When I came here for my job interview in 1969, after the interview I had a couple of hours to hang around until I was flying out, so I remember asking them where to go to just walk around and they told me to go up Congress Street, pointed out different places. And they specifically told me not to go down Exchange Street, because it was unsafe. There was no retail as such. There was one restaurant, called the Mustache Cup, that was down there, but there was nothing to see. There was nothing to see on the waterfront.

In fact, one of the guys who was on the interview team, who was kind of ahead of his time, said to me after the interview, ‘You know, if they offer you the job, you should think about investing in those buildings down there, because they’re real cheap.’ And I remember asking him, ‘What do you mean by “cheap,”’ and he said, ‘You can pick up a building down there for about $10,000.’ I said, ‘I don’t have $10,000.’ I was just out of school.

That’s an indication of how different it was. The center of the city was Congress Street. The Old Port was the backside of the city, just as Bayside turned out to be the backside of the city over later years.

There was a successful transformation of the Old Port, led not by the city. The city really kind of followed the private investment that occurred in the Old Port. It was really the small entrepreneurs, The Paper Patch, the candle shop, Frank Akers … Then the city came in and did the pretty things: the brick sidewalks, the lights, the cobblestones, all those kind of amenities.

Do you have any disappointments or regrets? For example, do you regret what happened with Spring Street and Franklin Arterial during that time?

You know, it’s interesting. Somewhere in there [pointing to a tall stack of studies on a shelf] is the late 1950s plan from Victor Gruen Associates for downtown, which was very foretelling in terms of what happened … It called for the Spring Street Arterial, it called for Franklin Arterial, and it called for a Cumberland Avenue arterial. So the entire downtown would have had arterials and then State and High Street would have continued as a couplet.

Spring Street was partially done, but then the neighborhoods, particularly the Park [Street] row, rose up and didn’t want it extended. And it was at the time when, as I mentioned about the small businesses in the Old Port, they were just starting to become interested in the area, so consequently that stopped where it stopped.

Just as I was coming [to town], the decision had been made to  go ahead with the Franklin Arterial, and so they were acquiring the property when I first came, and it was difficult in that a lot of people didn’t want to move. So the city was having to actually go in and use eminent domain to acquire property and move people out.

Was it the right decision? I think looking back on it in time, having a cross-peninsula roadway was important. Should it have been designed differently? I think that that’s the case. A lot of the work that’s being done now by the neighborhood groups on the hill to kind of redefine and make it more of a parkway, with potential land area for redevelopment, is a very interesting approach to looking at the arterial and I think makes sense. I don’t think the decision to do the arterial was wrong. I just think the design of it could have been done a little differently than it was done.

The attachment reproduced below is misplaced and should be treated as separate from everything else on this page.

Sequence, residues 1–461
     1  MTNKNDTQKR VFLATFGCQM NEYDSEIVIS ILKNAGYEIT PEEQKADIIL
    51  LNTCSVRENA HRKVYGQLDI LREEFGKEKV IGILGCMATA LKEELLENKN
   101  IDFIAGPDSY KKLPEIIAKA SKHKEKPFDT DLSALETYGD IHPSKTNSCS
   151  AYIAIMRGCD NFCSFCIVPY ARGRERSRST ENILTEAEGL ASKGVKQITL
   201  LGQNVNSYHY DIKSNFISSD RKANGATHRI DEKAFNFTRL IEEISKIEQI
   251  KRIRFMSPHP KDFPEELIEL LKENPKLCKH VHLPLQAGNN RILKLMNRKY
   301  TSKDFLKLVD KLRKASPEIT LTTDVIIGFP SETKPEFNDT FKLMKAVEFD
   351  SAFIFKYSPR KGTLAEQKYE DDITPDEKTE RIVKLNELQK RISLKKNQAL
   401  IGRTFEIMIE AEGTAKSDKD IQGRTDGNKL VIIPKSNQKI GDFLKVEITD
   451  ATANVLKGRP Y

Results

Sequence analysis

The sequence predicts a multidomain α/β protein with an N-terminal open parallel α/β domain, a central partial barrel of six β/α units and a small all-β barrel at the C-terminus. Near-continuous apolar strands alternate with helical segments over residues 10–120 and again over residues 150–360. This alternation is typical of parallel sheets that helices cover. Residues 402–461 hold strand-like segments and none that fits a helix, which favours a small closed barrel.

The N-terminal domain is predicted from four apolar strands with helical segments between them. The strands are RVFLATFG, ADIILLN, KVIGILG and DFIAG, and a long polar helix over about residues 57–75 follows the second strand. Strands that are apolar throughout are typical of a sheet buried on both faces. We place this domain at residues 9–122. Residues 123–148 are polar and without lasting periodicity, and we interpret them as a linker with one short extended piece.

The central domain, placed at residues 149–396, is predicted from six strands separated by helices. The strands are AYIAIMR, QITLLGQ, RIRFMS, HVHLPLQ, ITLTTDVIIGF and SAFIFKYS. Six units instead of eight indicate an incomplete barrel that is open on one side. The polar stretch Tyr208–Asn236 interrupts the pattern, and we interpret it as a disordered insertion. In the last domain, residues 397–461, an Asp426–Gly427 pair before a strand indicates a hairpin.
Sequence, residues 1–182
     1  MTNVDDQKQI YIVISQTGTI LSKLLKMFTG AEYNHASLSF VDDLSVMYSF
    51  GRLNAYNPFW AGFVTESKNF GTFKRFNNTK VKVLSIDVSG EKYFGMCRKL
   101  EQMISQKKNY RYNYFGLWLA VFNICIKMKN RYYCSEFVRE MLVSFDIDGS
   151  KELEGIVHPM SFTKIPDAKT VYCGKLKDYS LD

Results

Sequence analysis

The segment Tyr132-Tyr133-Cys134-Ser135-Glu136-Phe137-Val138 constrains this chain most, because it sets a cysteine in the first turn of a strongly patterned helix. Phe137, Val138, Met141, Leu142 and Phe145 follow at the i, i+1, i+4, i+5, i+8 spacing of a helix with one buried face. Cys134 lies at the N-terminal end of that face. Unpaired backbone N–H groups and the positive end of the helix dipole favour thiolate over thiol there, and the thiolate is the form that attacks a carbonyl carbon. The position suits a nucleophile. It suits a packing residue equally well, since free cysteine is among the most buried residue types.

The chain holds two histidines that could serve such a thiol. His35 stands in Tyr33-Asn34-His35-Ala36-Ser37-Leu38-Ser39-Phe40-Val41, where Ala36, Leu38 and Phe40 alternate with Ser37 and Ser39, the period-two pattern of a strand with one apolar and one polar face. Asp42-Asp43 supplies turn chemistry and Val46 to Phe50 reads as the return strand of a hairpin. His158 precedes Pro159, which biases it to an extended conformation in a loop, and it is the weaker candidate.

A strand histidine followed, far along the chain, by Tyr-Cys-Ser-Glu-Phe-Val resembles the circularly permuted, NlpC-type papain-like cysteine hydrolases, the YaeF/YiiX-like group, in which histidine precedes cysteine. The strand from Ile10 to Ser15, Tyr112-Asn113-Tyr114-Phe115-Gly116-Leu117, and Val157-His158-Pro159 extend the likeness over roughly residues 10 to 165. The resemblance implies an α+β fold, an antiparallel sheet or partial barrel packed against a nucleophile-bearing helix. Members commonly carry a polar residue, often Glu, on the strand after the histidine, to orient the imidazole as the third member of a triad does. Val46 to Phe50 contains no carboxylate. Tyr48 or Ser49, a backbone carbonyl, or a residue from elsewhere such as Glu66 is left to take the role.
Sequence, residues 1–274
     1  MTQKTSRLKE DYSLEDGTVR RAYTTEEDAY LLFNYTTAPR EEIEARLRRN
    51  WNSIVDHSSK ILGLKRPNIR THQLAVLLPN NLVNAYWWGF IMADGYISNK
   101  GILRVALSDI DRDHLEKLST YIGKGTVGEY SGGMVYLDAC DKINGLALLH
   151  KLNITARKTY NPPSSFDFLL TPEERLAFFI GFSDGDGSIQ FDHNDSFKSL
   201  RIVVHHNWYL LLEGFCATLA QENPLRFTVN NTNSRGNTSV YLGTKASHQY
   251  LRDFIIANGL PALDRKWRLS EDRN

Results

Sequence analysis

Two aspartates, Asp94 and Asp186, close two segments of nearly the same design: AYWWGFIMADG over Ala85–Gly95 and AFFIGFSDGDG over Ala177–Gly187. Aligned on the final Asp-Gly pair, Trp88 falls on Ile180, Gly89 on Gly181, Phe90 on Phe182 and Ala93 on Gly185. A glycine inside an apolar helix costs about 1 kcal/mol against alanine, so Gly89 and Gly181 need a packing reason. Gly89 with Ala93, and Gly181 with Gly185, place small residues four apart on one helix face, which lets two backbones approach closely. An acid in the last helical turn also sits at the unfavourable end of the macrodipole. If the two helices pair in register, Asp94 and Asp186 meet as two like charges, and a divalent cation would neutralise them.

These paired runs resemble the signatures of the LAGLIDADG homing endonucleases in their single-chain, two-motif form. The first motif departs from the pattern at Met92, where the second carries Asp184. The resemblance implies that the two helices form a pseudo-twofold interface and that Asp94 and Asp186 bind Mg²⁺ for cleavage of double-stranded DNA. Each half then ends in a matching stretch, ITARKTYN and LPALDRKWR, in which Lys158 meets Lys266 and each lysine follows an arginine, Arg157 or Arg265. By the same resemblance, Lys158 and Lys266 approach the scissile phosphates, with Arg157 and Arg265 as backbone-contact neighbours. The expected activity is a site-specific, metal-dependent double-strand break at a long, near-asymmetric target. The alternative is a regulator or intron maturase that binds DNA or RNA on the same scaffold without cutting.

Obviously the Maine State Pier not going forward was a big disappointment. If we had to do that over I think we would have approached that in a different way. Rather than doing an RFP [request for proposals], if we’d done an RFQ [request for qualifications] and had looked at qualifications as opposed to design. It became too much of a design debate … Everybody got wrapped up in what it looked like, and what people should have really been looking at was the qualifications and the financial depth of the parties to carry out the project, and then worry about the [design].

You’ve got to take a long view on these things. Everybody expects that you’re going to change the face of the city in just a couple of years on a project. We’re not a New York, not a Boston, where you’ve got a much different economic market. You need to take a longer view, a 10-year view, at least. You look at downtown. When the retailers left in the 1980s, it’s taken us almost 20 years, when you think back on it, to see the city put a new face on the downtown, and a successful face.

Would you recommend working for the city of Portland to your friends and family members?

Oh sure. Yeah. This is a very livable city to live in.

This is a very professional organization, and the men and women who work here really work very hard. They’re very dedicated. That is not only at the department head level and the senior management level, but it filters right down.

I was out to the Barron Center a few weeks ago — you know, we do the Employee of the Month awards — and one of the nurses was in Barron Center 2, which is the Alzheimer’s unit. To see the care and attention that they give to the men and women who are there, the residents, is really outstanding.

And it goes all the way to the sanitation crews that pick up the trash. I was watching one of them down where I live just this past week, with all the snow banks, pulling the trash bags [out of the snow banks]. They could’ve gone by it, but they took the time, got out of the truck and were trying to pull all of the trash bags out. That to me is a simple thing, but it’s indicative of how dedicated and hardworking the people who work for the city are.